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Forget NYFW—Gypsy Sport’s Rio Uribe Costumes a Politicized Pole Dance at Frieze LA

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Forget NYFW—Gypsy Sport’s Rio Uribe Costumes a Politicized Pole Dance at Frieze LA

Rio Uribe has made his mark on Frieze Week Los Angeles. On Saturday at MOCA’s Geffen Contemporary, the Gypsy Sport designer and L.A. native debuted his collaboration with Paris-based artists and choreographers Gerard & Kelly (Brennan Gerard and Ryan Kelly). Uribe created costumes for the U.S. premiere of State of, the duo’s 2017 dance performance piece, an exploration of identity politics against the backdrop of Trump’s America.

Having weathered the kind of fickle highs and lows all too familiar to independent designers, Uribe draws a parallel between the fractured political landscape and what’s going on in fashion. “The same way that American identity is in flux, I think fashion is. We’re like, ‘What the hell is the fashion industry?’” In response, this season he joined the growing ranks of designers to opt out of New York Fashion Week, instead choosing to focus his creative energies on State of. “It feRio Uribe has made his mark on Frieze Week Los Angeles. On Saturday at MOCA’s Geffen Contemporary, the Gypsy Sport designer and L.A. native debuted his collaboration with Paris-based artists and choreographers Gerard & Kelly (Brennan Gerard and Ryan Kelly). Uribe created costumes for the U.S. premiere of State of, the duo’s 2017 dance performance piece, an exploration of identity politics against the backdrop of Trump’s America.

“I wanted to complement the piece without distracting from it,” Uribe offered of the designs for State of, which riffed on all-American visual codes from Olympic tracksuits to the flag itself. Streamers and shorts with fringed trim nodded to the pageantry of sporting events—even perhaps hinting at the darker side of nationalism. “It’s sometimes hard to reconcile your patriotism or national identity against your other identities,” Uribe said. “Being masculine versus feminine, straight versus gay, bi, and everything else in between.” Focused on non-binary clothing since its debut in 2012, Gypsy Sport interrogates the spectrum of identity just as Gerard & Kelly do in State of.

Evocative and hyper-referential, the piece explores race, gender, and sexuality through the lens of the Olympics in particular. Kelly and fellow dancers Forty Smooth and Quenton Stuckey mixed modern dance with astonishing pole work, backed by Whitney Houston’s soaring Super Bowl XXV “Star-Spangled Banner” and Etta James’s “I Would Rather Go Blind.” Smooth himself is a veteran of New York City’s “Showtime” subway performers, a predominantly black community that’s more institutionally criminalized than it is celebrated.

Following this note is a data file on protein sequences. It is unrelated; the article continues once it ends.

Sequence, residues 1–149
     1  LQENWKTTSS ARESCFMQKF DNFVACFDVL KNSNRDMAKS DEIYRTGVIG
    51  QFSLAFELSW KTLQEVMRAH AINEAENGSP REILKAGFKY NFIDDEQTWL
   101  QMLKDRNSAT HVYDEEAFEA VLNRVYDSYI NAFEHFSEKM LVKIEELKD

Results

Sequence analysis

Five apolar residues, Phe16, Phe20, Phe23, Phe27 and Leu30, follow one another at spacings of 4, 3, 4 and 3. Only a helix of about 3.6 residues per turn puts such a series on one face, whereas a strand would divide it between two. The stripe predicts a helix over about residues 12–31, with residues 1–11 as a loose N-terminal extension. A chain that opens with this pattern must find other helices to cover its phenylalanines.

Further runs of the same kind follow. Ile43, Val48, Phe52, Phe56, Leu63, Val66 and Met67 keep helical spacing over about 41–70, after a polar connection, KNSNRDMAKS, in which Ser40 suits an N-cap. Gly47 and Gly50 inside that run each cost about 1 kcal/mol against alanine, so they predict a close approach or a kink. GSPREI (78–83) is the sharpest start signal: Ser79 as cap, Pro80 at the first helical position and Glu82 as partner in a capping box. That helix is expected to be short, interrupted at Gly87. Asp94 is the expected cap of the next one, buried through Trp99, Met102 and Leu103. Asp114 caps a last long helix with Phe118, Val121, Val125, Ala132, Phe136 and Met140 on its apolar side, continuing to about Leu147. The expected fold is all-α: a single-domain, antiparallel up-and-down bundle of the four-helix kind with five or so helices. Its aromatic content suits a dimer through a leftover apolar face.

Gerard & Kelly’s choreography for the piece played on a tension of strength and vulnerability. Smooth would hold a gravity-defying pose on the pole, Adonis-like, before collapsing into Stuckey and Kelly’s arms to recover. It was a depiction of masculinity that was arresting in its tenderness. Other movements nodded to familiar imagery, from military marches to giving dap, and even a full-on game of Capture the Flag. When Smooth took a knee, it evoked Colin Kaepernick kneeling in protest, the crossroads of pop culture and the politicized. “What is my identity in America?” Uribe posed after, echoing the kind of questions Gerard & Kelly raise with State of: What does it mean to be a man? To be a person of color? To be queer? To be an American?els like maybe I’m more accepted here in [the art] world, because in fashion there are people who are supportive but are not really buying my clothes or supporting it in retail.” He points to recent Gypsy Sport purchases by institutions like the National Museum of Scotland and the New Orleans Museum of Art.

“I wanted to complement the piece without distracting from it,” Uribe offered of the designs for State of, which riffed on all-American visual codes from Olympic tracksuits to the flag itself. Streamers and shorts with fringed trim nodded to the pageantry of sporting events—even perhaps hinting at the darker side of nationalism. “It’s sometimes hard to reconcile your patriotism or national identity against your other identities,” Uribe said. “Being masculine versus feminine, straight versus gay, bi, and everything else in between.” Focused on non-binary clothing since its debut in 2012, Gypsy Sport interrogates the spectrum of identity just as Gerard & Kelly do in State of.

Evocative and hyper-referential, the piece explores race, gender, and sexuality through the lens of the Olympics in particular. Kelly and fellow dancers Forty Smooth and Quenton Stuckey mixed modern dance with astonishing pole work, backed by Whitney Houston’s soaring Super Bowl XXV “Star-Spangled Banner” and Etta James’s “I Would Rather Go Blind.” Smooth himself is a veteran of New York City’s “Showtime” subway performers, a predominantly black community that’s more institutionally criminalized than it is celebrated.

Gerard & Kelly’s choreography for the piece played on a tension of strength and vulnerability. Smooth would hold a gravity-defying pose on the pole, Adonis-like, before collapsing into Stuckey and Kelly’s arms to recover. It was a depiction of masculinity that was arresting in its tenderness. Other movements nodded to familiar imagery, from military marches to giving dap, and even a full-on game of Capture the Flag. When Smooth took a knee, it evoked Colin Kaepernick kneeling in protest, the crossroads of pop culture and the politicized. “What is my identity in America?” Uribe posed after, echoing the kind of questions Gerard & Kelly raise with State of: What does it mean to be a man? To be a person of color? To be queer? To be an American?


Source: Vogue.com